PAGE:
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Vieraskieliset / In-english

The significance of the read and preached word of God

Siionin Lähetyslehti
Vieraskieliset / In-english
24.11.2015 12.00

Juttua muokattu:

1.1. 23:21
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The first Chris­ti­an Pen­te­cost mar­ked a tur­ning point in the his­to­ry of sal­va­ti­on. Je­sus ope­ned the minds of the dis­cip­les to un­ders­tand the Scrip­tu­res. The prop­he­cies of the Scrip­tu­res – the Law of Mo­ses, the books of the prop­hets, and the Psalms – and the pro­mi­se gi­ven by Je­sus to His dis­cip­les were ful­fil­led in the pou­ring out of the Holy Spi­rit. The dis­cip­les were gi­ven a task: “And that re­pen­tan­ce and re­mis­si­on of sins should be pre­ac­hed in his name among all na­ti­ons, be­gin­ning at Je­ru­sa­lem.” (Luk 24:47)

The ser­mon about Christ – the gos­pel about the re­sur­rec­ted Je­sus Christ – be­gan to have a po­wer­ful ef­fect. Pe­ter’s Pen­te­cost ser­mon, which was ba­sed on the prop­he­cies of the prop­hets, strong­ly touc­hed the he­arts of the he­a­rers of the word. The Spi­rit of God cau­sed the ser­vi­ce gu­ests to ask the apost­les: “Men and breth­ren, what shall we do?” (Act 2:37) Three thou­sand lis­te­ners “glad­ly” re­cei­ved Pe­ter’s words and per­so­nal­ly be­lie­ved the gos­pel. The sac­ra­ment of bap­tism rein­for­ced the con­tent of Pe­ter’s ser­mon and joi­ned them to the con­ti­nuo­us care of the cong­re­ga­ti­on. The first cong­re­ga­ti­on of the New Co­ve­nant was born in Je­ru­sa­lem (Act 2:14–41).

Mar­tin Lut­her has said: “The word of God can­not exist wit­hout the pe­op­le of God.” God con­ti­nuo­us­ly in­te­racts with His own through His word. The Scrip­tu­res – the writ­ten word of God – are a fruit of this in­te­rac­ti­on. The hid­den God has spo­ken to His ser­vants through His Spi­rit: “For the prop­he­cy came not in old time by the will of man: but the holy men of God spake as they were mo­ved by the Holy Ghost.” (2 Pet 1:21)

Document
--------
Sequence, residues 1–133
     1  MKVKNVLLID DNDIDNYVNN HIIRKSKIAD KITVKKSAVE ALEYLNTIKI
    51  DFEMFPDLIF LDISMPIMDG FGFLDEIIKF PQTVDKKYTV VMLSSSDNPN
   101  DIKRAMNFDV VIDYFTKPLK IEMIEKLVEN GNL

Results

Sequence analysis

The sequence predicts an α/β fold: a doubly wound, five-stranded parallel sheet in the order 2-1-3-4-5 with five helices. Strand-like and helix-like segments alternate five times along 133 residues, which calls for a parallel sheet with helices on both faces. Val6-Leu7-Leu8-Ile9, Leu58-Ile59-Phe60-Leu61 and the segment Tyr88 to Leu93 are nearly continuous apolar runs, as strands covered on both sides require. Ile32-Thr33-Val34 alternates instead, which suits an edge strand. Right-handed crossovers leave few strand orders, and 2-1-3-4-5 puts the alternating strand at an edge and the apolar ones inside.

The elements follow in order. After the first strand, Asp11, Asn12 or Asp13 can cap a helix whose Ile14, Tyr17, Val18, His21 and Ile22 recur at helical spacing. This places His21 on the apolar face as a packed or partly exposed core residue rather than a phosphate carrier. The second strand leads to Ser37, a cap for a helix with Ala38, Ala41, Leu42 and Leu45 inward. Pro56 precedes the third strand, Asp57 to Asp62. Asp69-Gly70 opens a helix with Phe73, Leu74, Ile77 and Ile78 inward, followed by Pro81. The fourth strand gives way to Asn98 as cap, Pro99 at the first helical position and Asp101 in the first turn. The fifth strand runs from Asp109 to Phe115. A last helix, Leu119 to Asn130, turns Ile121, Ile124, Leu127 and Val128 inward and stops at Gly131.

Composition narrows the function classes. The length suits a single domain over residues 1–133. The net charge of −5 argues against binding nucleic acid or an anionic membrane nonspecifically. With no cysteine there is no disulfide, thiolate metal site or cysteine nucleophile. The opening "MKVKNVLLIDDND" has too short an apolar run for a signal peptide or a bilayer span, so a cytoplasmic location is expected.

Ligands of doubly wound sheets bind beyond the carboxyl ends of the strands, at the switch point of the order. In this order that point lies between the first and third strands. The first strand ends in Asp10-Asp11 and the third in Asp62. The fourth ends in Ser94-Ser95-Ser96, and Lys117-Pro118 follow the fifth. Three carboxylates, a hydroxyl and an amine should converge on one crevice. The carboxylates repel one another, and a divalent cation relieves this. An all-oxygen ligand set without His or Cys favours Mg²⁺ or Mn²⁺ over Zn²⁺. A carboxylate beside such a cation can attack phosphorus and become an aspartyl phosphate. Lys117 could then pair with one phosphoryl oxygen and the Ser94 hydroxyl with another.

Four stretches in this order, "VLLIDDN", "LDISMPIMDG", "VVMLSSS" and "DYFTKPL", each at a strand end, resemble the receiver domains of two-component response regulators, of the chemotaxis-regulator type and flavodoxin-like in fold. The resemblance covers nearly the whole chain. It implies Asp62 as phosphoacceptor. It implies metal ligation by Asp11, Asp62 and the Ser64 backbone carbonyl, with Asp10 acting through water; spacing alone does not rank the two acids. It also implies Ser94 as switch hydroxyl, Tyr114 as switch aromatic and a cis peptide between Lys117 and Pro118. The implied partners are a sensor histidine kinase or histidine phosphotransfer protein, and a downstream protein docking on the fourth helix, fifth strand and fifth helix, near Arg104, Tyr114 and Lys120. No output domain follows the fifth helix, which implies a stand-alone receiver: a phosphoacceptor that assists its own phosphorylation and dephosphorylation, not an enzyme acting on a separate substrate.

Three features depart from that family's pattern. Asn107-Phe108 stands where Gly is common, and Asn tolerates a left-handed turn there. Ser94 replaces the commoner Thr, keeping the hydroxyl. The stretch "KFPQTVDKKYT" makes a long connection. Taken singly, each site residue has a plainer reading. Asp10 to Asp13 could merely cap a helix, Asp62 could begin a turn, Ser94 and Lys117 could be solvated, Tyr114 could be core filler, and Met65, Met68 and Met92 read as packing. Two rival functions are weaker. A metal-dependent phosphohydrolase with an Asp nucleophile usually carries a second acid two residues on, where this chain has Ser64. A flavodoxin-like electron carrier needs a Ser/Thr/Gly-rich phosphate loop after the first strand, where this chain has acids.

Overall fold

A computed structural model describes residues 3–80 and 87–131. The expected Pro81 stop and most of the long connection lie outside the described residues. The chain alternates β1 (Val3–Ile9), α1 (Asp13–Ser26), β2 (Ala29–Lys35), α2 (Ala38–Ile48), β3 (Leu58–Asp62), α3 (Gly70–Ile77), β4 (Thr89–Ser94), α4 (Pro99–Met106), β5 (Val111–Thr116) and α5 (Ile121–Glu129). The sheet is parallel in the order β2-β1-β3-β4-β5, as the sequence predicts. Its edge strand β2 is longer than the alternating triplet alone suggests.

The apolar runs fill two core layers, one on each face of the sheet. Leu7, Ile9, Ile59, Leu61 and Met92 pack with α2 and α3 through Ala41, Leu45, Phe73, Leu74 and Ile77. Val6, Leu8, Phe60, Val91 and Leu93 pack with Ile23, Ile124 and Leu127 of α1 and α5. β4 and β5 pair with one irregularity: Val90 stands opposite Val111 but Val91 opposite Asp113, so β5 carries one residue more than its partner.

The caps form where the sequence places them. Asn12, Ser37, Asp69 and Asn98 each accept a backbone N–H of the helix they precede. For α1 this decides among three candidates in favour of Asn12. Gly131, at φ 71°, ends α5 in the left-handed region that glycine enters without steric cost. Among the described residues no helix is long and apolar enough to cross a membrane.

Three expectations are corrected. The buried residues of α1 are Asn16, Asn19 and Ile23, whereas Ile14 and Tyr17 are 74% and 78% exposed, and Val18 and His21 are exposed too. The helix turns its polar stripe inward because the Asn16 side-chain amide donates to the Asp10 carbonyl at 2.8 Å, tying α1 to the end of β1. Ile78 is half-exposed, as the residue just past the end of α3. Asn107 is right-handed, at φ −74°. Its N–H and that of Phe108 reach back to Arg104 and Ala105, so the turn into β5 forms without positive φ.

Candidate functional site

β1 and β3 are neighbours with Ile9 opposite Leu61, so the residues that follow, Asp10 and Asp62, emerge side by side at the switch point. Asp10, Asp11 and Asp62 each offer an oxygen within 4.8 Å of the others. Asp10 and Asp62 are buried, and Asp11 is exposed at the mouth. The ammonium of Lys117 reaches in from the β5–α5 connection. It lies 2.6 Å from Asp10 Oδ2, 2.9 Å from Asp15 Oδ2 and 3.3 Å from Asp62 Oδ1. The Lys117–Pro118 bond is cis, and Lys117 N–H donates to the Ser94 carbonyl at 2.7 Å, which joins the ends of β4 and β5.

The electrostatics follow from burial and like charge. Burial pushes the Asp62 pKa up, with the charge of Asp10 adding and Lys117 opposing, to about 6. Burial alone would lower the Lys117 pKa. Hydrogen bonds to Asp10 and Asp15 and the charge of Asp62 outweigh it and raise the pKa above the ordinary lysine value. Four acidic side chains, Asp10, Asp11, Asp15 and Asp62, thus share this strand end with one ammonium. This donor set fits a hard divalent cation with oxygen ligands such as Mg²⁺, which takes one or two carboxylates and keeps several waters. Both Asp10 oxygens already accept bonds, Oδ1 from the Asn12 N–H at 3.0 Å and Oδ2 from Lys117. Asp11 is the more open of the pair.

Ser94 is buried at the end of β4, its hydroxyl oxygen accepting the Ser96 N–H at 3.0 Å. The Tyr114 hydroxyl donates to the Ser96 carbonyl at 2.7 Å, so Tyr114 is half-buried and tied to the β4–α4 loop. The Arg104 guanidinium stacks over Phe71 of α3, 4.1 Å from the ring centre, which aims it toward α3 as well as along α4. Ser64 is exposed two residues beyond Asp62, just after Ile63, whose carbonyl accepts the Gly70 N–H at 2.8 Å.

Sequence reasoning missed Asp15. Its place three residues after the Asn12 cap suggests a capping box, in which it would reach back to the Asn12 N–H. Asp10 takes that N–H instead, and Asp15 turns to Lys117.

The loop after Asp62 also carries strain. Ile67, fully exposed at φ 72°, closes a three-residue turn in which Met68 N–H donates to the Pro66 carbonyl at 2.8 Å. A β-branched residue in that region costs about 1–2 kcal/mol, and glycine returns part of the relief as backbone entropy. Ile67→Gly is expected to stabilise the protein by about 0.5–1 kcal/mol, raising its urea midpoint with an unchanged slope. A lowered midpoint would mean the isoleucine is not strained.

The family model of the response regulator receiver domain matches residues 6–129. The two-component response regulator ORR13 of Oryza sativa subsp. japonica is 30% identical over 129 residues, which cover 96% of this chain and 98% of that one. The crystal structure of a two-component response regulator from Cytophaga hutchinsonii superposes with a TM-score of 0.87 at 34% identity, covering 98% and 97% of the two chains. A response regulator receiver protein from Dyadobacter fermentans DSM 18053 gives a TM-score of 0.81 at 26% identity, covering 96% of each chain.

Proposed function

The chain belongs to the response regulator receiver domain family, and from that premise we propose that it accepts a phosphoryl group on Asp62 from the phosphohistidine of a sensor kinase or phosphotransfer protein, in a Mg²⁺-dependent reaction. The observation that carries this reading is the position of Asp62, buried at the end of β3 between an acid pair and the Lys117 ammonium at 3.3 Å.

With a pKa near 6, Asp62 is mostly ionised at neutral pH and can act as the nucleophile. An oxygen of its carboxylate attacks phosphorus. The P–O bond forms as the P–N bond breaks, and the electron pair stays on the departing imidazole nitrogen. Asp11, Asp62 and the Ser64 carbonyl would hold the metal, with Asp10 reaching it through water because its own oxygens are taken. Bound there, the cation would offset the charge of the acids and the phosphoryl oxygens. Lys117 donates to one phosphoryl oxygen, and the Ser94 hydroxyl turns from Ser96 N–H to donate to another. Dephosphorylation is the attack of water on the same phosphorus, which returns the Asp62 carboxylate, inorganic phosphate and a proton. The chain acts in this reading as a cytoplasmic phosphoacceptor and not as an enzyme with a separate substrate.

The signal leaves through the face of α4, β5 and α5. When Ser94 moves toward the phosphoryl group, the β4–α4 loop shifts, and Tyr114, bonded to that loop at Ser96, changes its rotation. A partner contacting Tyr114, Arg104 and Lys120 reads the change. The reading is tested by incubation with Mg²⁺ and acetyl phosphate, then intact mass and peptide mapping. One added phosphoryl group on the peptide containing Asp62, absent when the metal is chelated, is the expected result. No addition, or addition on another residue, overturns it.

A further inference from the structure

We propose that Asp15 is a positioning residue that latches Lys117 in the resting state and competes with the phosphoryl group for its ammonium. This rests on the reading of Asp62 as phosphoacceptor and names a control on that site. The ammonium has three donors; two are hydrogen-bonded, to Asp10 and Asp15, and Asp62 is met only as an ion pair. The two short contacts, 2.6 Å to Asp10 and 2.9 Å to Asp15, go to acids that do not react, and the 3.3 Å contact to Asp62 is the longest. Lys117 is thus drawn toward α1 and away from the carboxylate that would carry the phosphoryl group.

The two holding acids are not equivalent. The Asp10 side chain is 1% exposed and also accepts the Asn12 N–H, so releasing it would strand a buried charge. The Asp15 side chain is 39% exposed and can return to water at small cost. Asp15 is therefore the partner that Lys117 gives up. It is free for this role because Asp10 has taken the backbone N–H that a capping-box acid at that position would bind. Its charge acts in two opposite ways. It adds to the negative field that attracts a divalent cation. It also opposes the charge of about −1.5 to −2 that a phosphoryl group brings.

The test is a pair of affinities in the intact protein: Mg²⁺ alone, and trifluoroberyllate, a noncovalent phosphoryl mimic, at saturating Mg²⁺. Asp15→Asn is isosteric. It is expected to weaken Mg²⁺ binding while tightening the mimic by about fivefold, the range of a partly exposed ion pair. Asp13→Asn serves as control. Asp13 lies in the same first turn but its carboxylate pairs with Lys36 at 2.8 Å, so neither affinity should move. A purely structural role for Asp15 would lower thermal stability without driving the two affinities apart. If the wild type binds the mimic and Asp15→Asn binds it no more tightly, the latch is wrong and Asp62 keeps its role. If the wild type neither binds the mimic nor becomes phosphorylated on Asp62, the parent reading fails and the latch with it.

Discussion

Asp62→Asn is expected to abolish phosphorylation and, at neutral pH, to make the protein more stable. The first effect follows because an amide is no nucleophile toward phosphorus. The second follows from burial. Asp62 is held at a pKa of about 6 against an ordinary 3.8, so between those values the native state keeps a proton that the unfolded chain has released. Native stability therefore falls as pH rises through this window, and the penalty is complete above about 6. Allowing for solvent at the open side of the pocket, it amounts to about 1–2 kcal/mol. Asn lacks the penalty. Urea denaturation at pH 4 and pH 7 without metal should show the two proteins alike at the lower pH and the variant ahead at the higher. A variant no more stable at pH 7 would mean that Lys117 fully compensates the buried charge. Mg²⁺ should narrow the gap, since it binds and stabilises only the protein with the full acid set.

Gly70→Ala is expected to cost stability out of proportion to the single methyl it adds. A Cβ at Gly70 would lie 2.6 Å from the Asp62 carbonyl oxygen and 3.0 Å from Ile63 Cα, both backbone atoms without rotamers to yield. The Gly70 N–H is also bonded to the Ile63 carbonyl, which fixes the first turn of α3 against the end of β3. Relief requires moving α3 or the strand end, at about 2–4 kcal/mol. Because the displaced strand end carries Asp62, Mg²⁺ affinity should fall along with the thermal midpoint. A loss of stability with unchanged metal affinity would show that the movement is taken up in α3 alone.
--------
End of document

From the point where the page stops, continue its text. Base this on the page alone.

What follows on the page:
The word of God is an un­pe­ris­hab­le tre­a­su­re

In the be­gin­ning of time God cre­a­ted eve­ryt­hing by His word. One day He will al­so end this earth­ly time by His word. Thus, our world is cons­tant­ly being car­ried by His word. This is why we can desc­ri­be the word of God as un­pe­ris­hab­le. This was al­so con­fir­med by Je­sus Christ in His te­ac­hings: “He­a­ven and earth shall pass away, but my words shall not pass away.” (Mat 24:35)

For us the word of God is an un­pe­ris­hab­le tre­a­su­re be­cau­se God has re­ve­a­led Him­self to us in it. We do not have a deaf or dumb God. He who is hid­den from our ey­es is a spe­a­king God. The wri­ter of the let­ter to the Heb­rews desc­ri­bes the speech of the triu­ne God: “God, who at sund­ry ti­mes and in di­vers man­ners spake in time past un­to the fat­hers by the prop­hets, hath in these last days spo­ken un­to us by his Son, whom he hath ap­poin­ted heir of all things, by whom al­so he made the worlds.” (Heb 1:1–2)

The New Tes­ta­ment’s Apost­le Pe­ter com­pa­res the word of prop­he­cy to a lamp shi­ning in the dark, which sheds light on the path and shows the way (2 Pet 1:19). The light of the word of God en­ligh­tens the mu­tu­al path of the pe­op­le of God, the faith and life of the cong­re­ga­ti­on, and each and eve­ry child of God’s own en­de­a­vor of faith. The Psalm wri­ter ad­mi­res this light, ha­ving ex­pe­rien­ced it him­self: “Thy word is a lamp un­to my feet, and a light un­to my path.” (Psa 119:105) Li­ke­wi­se he ad­mi­res the bles­sed por­ti­on of a righ­te­ous per­son, be­cau­se his “de­light is in the law of the Lord; and in his law doth he me­di­ta­te day and night.” (Psa 1:2)

Christ is the Lord and King of the Scrip­tu­res

The main thread in the Old Tes­ta­ment scrip­tu­res is the pro­mi­se of the Mes­si­ah, Christ. The New Tes­ta­ment spe­aks about the ful­fil­l­ment of God’s pro­mi­ses in Je­sus Christ. Ear­ly Chris­ti­an pre­ac­hing al­so fol­lo­wed this for­mat. This can be cle­ar­ly seen in the ser­mons and parts of ser­mons kept by the apost­les that have been re­cor­ded in the New Tes­ta­ment. The same had come true in the Lord’s own proc­la­ma­ti­on, be­gin­ning from the very first mo­ments of His pub­lic mi­nist­ry.

The Scrip­tu­res are me­ant to be a text­book for faith and life. John, the wri­ter of the fourth gos­pel, gi­ves his re­a­son for wri­ting at the end of his gos­pel book: “But these are writ­ten, that ye might be­lie­ve that Je­sus is the Christ, the Son of God, and that be­lie­ving ye might have life through his name.” (Joh 20:31)

In his let­ter the Apost­le Paul re­minds the Co­rint­hi­an Chris­ti­ans about how the gos­pel he pre­ac­hed ap­p­ro­ac­hed those in Co­rinth who re­cei­ved it and be­lie­ved it: “And I, breth­ren, when I came to you, came not with ex­cel­len­cy of speech or of wis­dom, dec­la­ring un­to you the tes­ti­mo­ny of God. For I de­ter­mi­ned not to know any thing among you, save Je­sus Christ, and him cru­ci­fied.” (1 Cor 2:1–2)